“What nonsense,” thought the princess, “this silly frog is talking! He can never even get out of the spring to visit me, and he wouldn’t survive without the spring, though he may be able to get my ball for me, and therefore I will tell him he shall have what he asks.”

So she said to the frog, “Well, if you will bring me my ball, I will do all you ask.”

Then the frog put his head down, and dived deep under the water; and after a little while he came up again, with the ball in his mouth, and threw it on the edge of the spring.

As soon as the young princess saw her ball, she ran to pick it up; and she was so pleased to have it in her hand again, that she never thought of the frog, but ran home with it as fast as she could.

The frog called after her, “Stay, princess, and take me with you as you said.”

But she did not stop to hear a word.

The next day, just as the princess had sat down to dinner, she heard a strange noise—tap, tap—as if something was coming up the marble staircase, and soon afterwards there was a gentle knock at the door, and a little voice cried out and said:

“Open the door, my princess dear,
Open the door to thy true love here!
And mind the words that thou and I said
By the fountain, in the greenwood shade.”

Then the princess ran to the door and opened it, and there she saw the frog, whom she had quite forgotten. At this sight she was sadly frightened, and slamming the door with a big bang as fast as she could come back to her seat.

The king, her beloved father, seeing that something had frightened her, asked her what was the matter.

“There is a disgusting frog,” said she, “at the door, that lifted my ball for me out of the spring last morning. I told him that he should live with me here, thinking that he could never get out of the spring; but there he is at the door, and he wants to come in.”

While she was speaking the frog knocked again at the door, and said:

“Open the door, my princess dear,
Open the door to thy true love here!
And mind the words that thou and I said
By the fountain, in the greenwood shade.”

Then the king said to the young princess sincerely, “As you have given your word you must keep it; so go and let him in.”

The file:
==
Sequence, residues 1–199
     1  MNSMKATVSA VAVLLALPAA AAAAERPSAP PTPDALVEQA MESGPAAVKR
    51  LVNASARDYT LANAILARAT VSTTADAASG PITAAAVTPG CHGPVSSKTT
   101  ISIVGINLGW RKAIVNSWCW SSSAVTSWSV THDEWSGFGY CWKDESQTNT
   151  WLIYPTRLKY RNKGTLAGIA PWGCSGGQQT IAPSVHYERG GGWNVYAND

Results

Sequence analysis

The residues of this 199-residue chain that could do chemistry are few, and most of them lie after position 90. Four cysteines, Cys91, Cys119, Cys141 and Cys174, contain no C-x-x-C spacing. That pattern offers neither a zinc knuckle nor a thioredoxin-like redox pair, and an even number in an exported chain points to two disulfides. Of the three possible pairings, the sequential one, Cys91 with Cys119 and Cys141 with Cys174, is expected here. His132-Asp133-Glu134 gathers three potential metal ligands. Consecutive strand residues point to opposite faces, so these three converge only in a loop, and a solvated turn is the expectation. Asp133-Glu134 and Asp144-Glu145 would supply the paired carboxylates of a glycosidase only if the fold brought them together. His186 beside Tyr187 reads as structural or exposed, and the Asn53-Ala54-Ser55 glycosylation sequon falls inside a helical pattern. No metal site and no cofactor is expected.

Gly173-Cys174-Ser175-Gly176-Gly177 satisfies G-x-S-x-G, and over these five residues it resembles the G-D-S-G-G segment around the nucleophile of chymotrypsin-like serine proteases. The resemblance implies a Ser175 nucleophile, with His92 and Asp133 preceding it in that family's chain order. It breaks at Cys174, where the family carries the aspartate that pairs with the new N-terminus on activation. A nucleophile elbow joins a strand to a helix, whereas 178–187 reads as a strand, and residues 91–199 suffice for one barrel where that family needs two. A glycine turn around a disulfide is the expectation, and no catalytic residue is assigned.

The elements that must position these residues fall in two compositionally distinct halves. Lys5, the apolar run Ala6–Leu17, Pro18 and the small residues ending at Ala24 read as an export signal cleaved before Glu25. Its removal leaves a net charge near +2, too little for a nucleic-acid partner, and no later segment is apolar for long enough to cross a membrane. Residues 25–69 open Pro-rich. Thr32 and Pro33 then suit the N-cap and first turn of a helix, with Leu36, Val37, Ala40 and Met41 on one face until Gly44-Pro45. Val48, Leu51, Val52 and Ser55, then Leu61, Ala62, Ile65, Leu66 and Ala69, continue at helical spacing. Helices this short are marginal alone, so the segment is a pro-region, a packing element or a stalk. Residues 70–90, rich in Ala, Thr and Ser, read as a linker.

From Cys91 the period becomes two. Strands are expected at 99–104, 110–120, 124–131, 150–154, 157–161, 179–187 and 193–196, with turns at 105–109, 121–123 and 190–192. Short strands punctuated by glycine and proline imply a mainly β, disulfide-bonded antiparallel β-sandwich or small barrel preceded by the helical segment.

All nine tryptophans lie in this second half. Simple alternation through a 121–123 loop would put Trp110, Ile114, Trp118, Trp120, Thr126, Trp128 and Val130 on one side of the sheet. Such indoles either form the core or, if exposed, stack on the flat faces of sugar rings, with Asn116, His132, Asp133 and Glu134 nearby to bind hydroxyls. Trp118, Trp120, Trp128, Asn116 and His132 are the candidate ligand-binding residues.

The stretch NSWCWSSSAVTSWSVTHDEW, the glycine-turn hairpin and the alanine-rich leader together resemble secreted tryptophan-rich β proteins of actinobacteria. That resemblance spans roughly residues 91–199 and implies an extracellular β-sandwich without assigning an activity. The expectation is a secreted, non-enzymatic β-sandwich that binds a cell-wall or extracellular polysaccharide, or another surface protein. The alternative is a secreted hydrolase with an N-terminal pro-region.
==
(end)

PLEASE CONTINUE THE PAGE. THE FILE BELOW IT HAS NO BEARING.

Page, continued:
She did do, and the frog leapt into the room, and then straight on—tap, tap—till he came up close to the table where the princess sat.

“Please lift me upon the chair,” said he to the princess, “and let me sit next to you.” As soon as she had done this, the frog said, “Put your plate nearer to me, that I may eat out of it.”

This she did, and the frog ate as much as he could; he seemed to have a big appetite. After the dinner, the frog yawned and said, “Now I am tired; carry me upstairs, and put me into your bed.” And the princess, though very unwilling, took him up in her hand, and put him upon the pillow of her own bed, where he slept all night long.

As soon as it was light the frog jumped up, climbed downstairs, and went out of the house.

“Now, then,” thought the princess, “at last he is gone, and I shall be troubled with him no more.” But she was mistaken; for when night came again she heard the same tapping at the door; and the frog came once more, and said:

“Open the door, my princess dear,
Open the door to thy true love here!
And mind the words that thou and I said
By the fountain cool, in the greenwood shade.”

And when the princess opened the door the frog came in, and slept upon her pillow as before, till the morning broke. And the third night he did the same. But when the princess awoke on the following morning she was astonished to see, instead of the frog, a handsome prince, gazing on her with the most beautiful eyes she had ever seen and standing at the head of her bed.

He told her that a devilish witch had cast a spell over him and changed him into a frog; and that he had been fated so to endure till some princess would like to take him out of the spring, and let him eat from her plate, and sleep upon her bed for three nights.

“You,” said the prince, “have broken his cruel charm, and now I have nothing to wish for but that you should go with me into my father’s kingdom, where I will marry you, and love you as long as you live.”